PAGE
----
“It’s just for the financial statements and everything to make it look presentable for everybody, explained Gazaway, “for the general fund, I estimated that we would go into fund balance at about $556,000, and after the audit and all the adjustments, we only actually used a fund balance of $536,000.”

Gazaway and Johnson participated in a lengthy discussion about the need for the adjustment and keeping commissioners’ updated on the budget.

When reviewing the budget, Post One Commissioner Earl Johnson stated, “Though we may be $20,000 under what was total budgeted, some of the different categories and department of the county, going down the list, a lot of these have gone way over budget. We’re going to have to figure out a way that when they’re close to going over budget, the board needs to know about it.”

Gazaway used the Fire Department as an example, “They were like $700,000 over budget, but that’s an accounting adjustment that I have to make because of the lease payment on the three fire trucks. Technically, the only expense that is out of that is the first lease payment, but when I have to in accounting at the end of the year, I have to put the full amount on the books, and that is what made them look way over budget.”

According to Gazaway,  the capital lease revenue item washes out the majority of the expense, which still shows the Fire Department a little over budget. It’s currently around $18,000 over for the year 2018.

Health insurance went over $1.8M for the year, but Roads and Bridges was $498,000 under for the year.

The auditors adjusted the Roads and Bridges budget by $254,000, so it fell into the three percent recommendation. Since the category underspent, it took on some of health insurance’s overages from 2018.

“Their issue is over/under three percent. Even if you save a lot of money according to this, it could turn out negative,” stated Chairman Stan Helton.

Gazaway clarified that auditors want budgets to stay close to the actual number, so they can easily explain it to the state. Therefore, each line item adjusted by three percent to fall as close as possible to the actual budget number.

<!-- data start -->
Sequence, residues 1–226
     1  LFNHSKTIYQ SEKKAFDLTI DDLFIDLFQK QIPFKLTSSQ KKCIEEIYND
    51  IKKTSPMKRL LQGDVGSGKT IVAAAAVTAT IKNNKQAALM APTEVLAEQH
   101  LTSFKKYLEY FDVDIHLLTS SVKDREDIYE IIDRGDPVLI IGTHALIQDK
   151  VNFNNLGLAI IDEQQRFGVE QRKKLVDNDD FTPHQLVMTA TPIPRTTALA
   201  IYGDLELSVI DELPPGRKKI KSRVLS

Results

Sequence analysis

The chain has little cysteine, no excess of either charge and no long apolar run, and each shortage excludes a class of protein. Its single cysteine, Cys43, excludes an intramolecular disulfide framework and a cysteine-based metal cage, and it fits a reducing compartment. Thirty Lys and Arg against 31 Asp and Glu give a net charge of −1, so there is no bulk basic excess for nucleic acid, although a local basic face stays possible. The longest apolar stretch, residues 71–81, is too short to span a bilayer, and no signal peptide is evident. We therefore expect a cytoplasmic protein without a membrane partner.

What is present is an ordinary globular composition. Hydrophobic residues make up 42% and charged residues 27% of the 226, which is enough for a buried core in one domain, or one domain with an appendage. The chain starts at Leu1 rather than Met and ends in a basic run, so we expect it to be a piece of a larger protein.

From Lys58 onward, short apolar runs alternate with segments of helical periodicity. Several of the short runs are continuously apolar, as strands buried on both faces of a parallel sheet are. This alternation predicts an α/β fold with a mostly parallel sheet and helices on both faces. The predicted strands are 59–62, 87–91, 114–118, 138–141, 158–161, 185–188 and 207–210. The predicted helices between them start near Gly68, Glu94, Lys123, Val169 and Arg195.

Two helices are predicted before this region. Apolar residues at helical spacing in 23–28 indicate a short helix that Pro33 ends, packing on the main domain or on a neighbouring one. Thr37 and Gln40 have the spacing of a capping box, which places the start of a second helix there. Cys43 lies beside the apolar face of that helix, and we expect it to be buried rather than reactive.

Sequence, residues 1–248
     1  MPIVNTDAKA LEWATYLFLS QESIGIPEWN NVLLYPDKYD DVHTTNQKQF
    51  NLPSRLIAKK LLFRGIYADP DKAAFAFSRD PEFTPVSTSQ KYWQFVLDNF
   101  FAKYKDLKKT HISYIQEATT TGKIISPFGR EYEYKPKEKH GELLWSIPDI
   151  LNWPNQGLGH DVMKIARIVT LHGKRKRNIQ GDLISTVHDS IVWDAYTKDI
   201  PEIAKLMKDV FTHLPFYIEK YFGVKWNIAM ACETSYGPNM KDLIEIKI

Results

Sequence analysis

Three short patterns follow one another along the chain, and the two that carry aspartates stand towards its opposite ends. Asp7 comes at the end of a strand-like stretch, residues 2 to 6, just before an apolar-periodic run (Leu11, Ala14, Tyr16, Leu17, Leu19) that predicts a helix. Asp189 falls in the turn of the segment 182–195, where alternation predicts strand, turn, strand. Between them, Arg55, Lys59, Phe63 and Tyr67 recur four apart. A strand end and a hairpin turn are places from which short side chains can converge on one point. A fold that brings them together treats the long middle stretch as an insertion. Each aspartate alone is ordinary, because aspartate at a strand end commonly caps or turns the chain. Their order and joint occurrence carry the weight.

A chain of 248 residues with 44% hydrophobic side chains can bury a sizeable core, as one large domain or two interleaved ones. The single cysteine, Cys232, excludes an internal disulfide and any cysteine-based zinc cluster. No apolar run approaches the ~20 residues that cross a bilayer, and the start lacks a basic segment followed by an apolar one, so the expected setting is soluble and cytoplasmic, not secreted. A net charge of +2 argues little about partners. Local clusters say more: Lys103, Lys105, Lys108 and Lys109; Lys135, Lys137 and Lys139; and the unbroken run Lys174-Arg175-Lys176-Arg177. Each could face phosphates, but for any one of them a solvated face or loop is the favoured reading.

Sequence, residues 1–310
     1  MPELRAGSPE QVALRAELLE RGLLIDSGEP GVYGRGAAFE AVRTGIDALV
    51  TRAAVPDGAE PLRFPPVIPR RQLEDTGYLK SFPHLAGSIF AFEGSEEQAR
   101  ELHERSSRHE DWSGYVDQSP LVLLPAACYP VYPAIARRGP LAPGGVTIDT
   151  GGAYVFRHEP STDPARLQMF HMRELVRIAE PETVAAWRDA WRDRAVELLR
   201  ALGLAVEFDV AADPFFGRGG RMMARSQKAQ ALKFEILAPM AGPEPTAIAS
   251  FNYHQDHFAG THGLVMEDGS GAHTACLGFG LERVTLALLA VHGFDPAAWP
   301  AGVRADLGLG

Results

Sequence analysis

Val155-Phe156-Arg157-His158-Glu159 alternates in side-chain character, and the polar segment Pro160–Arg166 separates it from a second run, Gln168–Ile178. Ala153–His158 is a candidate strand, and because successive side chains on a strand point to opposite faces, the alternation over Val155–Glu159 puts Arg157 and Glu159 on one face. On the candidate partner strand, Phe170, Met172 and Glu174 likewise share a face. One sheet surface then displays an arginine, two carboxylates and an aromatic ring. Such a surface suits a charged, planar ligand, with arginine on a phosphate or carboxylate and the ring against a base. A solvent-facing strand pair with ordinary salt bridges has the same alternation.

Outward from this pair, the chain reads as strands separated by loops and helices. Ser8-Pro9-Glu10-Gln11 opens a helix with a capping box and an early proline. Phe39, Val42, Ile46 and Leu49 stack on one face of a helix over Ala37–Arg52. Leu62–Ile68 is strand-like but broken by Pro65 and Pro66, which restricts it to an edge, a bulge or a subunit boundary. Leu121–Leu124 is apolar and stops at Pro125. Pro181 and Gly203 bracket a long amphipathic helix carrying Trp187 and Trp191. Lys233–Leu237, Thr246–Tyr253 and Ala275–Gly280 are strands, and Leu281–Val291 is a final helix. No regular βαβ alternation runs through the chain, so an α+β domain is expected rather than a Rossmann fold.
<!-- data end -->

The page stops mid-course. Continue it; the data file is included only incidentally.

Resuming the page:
The initial budget featured Gazaway’s prediction for the year.  The amended budget revises that number and produces another total, but trouble starts when the final amended number exceeds the initial yearly budget.

“This is one of the only things I can judge by, where people wound up at the end of the year, said Johnson, “I guess I should just get a copy of the actual amount that every one of departments stood for the year.”

Helton suggested the auditors arrive early and meet with the commissioners to answer any questions about the final budget.

Johnson also addressed the need to know when departments go over or likely to go over budget. Due to the monthly budget reports showing a month behind, the commissioners vote to spend money without current budget estimates.

Gazaway explained that she speaks to unexpected expenses in her reports, and she can send her monthly summary to the other commissioners.

Rushton and Company should present the final amended budget and answer questions on the budget adjustment at the next Board of Commissioners’ meeting on June 25.

Bike Vandals Still At Large

Announcements, News

The three unidentified thieves, who stole two bikes and damaged a third at Fannin Recreation Park on May 26 at 8:30 p.m. in the evening, are still on the loose.

The Director of Recreation Department Eddie O’Neal told Fetch Your News that as of Monday, June 3, no arrests have been made in the case, but Fannin deputies do have a few leads that they are following up on. The Sheriff’s Office also pulled more video from the park’s security camera’s to review.

As can be seen in the security footage, three individuals approach the bike stand and proceed to break the locking mechanism then ride off.  They return later to place the third damaged bike next to the stand.

The truck appears to be an old GMC.

Footage also reveals that the suspects loaded the two functioning bikes into the back of a small, older model, pick-up truck and drove away.

The suspects are all male, two are wearing dark clothes, and one in a light blue t-shirt. Ethnicities of the men are difficult to determine due to the quality of the security camera footage.

The ten Blue Ridge Fun Bikes were bought by Nancy Moore Smith for the enjoyment of residents for the county. Smith’s own health battle led her to start the program after she remembered how she enjoyed riding bikes during her rehabilitation from multiple heart attacks.

O’Neal estimated that Smith spent $1,300 on the bikes, but was unsure of the exact amount.

Commissioner Stan Helton had this to say about the theft, “Our bike program at the Recreation Center is provided by a private individual for the enjoyment of her fellow citizens. Unfortunately, there are those that repay this kindness with total disdain.”

Residents rent the bikes by downloading an app on that phone with a GPS system that tracks time spent riding throughout the park. Once they return the bike to the stand, users are charged for how long they spent on the ride.

Nancy Moore Smith started the Blue Ridge Fun Bike program.

The Recreation Department has a $500 reward out for information on the suspects, and ask anyone with knowledge about the theft to contact them of the Fannin County Sheriff’s office.